In any legal case, be it long-term disability, car accident, or medical malpractice, evidence is crucial. The word is frequently used by attorneys, which means important facts and pieces of information to prove something is true. In a long-term disability claim, evidence is used to determine whether the person indeed has a qualifying medical condition.
Evidence can include various things, such as medical reports, signed forms, clinical notes, and employment information. Your claim becomes difficult to deny when you have strong legal representation and solid evidence. Consult a nationwide long term disability claims lawyer today to get help gathering evidence.
List of important evidence in a long-term disability claim
- Long-term disability claims file.
Every long-term disability claim has a file with hundreds or maybe thousands of pages maintained by the insurance company. These pages contain the forms completed by you, your employer, and your primary treatment provider. Additionally, it may also contain clinical notes from your doctor, records from specialists, telephone call records, emails, information about the policy, important dates, etc.
With so many complex pages in the file, it can be difficult to navigate and find something to help your claim. On the other hand, an experienced attorney can find mistakes on the insurer’s part that may benefit you later in the litigation.
- Medical evidence.
In a long term disability claim, perhaps one of the most important pieces of evidence is medical evidence. A doctor simply stating that you are “completely disabled” is often not enough to receive LTD benefits. You must provide other crucial information supporting that sentence, such as your medical history, physician’s notes, objective test results, etc. This information is not easy to obtain and can take a lot of time.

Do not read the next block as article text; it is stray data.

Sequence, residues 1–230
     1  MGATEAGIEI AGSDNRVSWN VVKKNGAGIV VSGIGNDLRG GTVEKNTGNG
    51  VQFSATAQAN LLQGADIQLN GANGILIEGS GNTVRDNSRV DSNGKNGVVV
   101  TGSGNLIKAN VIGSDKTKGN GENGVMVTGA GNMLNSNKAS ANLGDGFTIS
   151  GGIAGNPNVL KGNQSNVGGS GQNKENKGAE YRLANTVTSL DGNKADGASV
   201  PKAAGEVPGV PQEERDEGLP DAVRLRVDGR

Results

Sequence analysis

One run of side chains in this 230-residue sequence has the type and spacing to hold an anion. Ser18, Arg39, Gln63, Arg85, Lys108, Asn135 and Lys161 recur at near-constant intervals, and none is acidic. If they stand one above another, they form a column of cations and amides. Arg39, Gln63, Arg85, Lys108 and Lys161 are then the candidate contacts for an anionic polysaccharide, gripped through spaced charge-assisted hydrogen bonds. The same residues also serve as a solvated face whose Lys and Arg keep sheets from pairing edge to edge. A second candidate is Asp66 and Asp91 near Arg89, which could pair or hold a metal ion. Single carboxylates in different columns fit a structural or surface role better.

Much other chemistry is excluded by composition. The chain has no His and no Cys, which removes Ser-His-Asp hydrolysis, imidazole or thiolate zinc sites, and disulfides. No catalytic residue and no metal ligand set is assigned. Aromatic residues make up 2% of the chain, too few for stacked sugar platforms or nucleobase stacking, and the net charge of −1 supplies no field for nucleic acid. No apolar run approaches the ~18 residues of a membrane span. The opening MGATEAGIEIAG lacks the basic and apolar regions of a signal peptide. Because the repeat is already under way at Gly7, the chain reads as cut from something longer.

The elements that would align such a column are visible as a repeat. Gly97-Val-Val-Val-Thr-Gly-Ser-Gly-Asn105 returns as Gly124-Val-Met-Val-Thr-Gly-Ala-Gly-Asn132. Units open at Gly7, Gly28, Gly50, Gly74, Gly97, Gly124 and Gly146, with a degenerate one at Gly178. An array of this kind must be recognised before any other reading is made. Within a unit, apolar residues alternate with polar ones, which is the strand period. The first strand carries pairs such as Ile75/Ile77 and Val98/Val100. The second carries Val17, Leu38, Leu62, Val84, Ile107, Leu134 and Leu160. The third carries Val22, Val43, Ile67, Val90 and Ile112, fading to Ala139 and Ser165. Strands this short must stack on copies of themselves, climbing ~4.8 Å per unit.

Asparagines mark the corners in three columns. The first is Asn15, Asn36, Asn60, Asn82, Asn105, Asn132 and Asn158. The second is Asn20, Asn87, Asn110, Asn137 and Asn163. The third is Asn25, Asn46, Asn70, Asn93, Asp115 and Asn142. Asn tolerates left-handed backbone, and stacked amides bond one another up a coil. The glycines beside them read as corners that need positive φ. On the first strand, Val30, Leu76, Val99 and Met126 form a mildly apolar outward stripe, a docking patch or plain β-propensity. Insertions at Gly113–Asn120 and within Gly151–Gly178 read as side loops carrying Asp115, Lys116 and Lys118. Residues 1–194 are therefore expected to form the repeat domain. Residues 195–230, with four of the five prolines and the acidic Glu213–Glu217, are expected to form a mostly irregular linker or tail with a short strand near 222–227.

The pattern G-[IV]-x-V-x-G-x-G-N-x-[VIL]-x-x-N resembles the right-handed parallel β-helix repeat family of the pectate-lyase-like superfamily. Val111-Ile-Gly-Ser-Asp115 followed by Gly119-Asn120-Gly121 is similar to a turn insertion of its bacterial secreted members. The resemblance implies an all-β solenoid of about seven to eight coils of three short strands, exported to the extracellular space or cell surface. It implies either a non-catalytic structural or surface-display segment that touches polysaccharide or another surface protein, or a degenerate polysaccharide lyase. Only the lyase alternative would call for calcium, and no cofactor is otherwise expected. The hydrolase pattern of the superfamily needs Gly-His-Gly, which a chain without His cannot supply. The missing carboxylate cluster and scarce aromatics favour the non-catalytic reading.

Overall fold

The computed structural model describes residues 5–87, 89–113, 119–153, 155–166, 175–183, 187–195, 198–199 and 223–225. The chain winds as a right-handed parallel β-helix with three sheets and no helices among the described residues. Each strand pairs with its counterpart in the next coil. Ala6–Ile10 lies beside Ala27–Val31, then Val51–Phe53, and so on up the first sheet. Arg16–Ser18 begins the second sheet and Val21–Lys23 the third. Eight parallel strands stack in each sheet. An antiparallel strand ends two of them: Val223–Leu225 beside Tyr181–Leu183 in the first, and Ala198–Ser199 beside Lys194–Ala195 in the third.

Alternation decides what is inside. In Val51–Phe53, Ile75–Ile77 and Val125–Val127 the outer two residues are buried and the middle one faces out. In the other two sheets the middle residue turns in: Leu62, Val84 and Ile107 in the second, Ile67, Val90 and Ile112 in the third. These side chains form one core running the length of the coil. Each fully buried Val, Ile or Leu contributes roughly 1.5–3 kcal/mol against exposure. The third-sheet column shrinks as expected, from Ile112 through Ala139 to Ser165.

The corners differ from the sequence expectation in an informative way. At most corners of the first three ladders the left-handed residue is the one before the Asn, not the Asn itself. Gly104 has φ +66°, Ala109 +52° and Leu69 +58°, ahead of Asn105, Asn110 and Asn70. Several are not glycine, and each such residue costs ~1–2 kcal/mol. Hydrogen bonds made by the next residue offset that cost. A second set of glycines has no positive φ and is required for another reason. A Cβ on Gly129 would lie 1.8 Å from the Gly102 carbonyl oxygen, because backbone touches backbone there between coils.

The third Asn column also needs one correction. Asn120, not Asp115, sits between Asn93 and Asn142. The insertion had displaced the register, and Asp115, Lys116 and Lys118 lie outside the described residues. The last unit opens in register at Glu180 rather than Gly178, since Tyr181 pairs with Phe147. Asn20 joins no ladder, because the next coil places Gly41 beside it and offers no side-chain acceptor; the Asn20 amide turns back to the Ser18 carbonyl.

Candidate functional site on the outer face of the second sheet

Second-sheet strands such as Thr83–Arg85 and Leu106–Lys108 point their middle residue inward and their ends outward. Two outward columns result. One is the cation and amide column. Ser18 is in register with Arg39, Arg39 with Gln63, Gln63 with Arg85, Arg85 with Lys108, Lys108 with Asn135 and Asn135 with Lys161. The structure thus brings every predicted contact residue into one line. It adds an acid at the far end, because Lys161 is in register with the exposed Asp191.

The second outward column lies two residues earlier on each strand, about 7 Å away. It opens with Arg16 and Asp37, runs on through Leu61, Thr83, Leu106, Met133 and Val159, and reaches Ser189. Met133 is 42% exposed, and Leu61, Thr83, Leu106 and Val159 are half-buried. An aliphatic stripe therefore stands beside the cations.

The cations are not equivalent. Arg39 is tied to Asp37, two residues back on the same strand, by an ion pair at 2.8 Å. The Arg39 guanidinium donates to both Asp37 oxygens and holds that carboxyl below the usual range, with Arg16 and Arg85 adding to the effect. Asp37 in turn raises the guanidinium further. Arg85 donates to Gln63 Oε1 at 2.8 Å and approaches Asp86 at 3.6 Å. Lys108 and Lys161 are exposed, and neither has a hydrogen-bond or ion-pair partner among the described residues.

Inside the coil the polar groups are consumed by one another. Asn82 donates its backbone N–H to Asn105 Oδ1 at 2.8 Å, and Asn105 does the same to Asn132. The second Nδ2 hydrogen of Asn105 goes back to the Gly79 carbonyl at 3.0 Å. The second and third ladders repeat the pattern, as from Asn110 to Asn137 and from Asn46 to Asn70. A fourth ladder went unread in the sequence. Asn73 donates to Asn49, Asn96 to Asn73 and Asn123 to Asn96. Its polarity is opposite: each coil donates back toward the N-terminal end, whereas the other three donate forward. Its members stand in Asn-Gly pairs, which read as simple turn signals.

- Treatment provider records.
Besides clinical notes and records in the long-term disability claim file, you should obtain updated treatment records from each of your medical providers and not just your family doctor. Other important evidence includes prescription summaries, diagnostic imaging, and hospital charts that can help prove the case. The quicker you provide this information, the quicker your case is likely to be resolved.
- Test results.
It is difficult to deny a claim when you have proof of clinical symptoms through test results. The more tests, the better. Some are important to establish a diagnosis, and others are important to establish functional limitations. Many people do not have enough test results because their doctor did not think it was important. Do not make this mistake. Work with an attorney to determine which medical exams you should go through.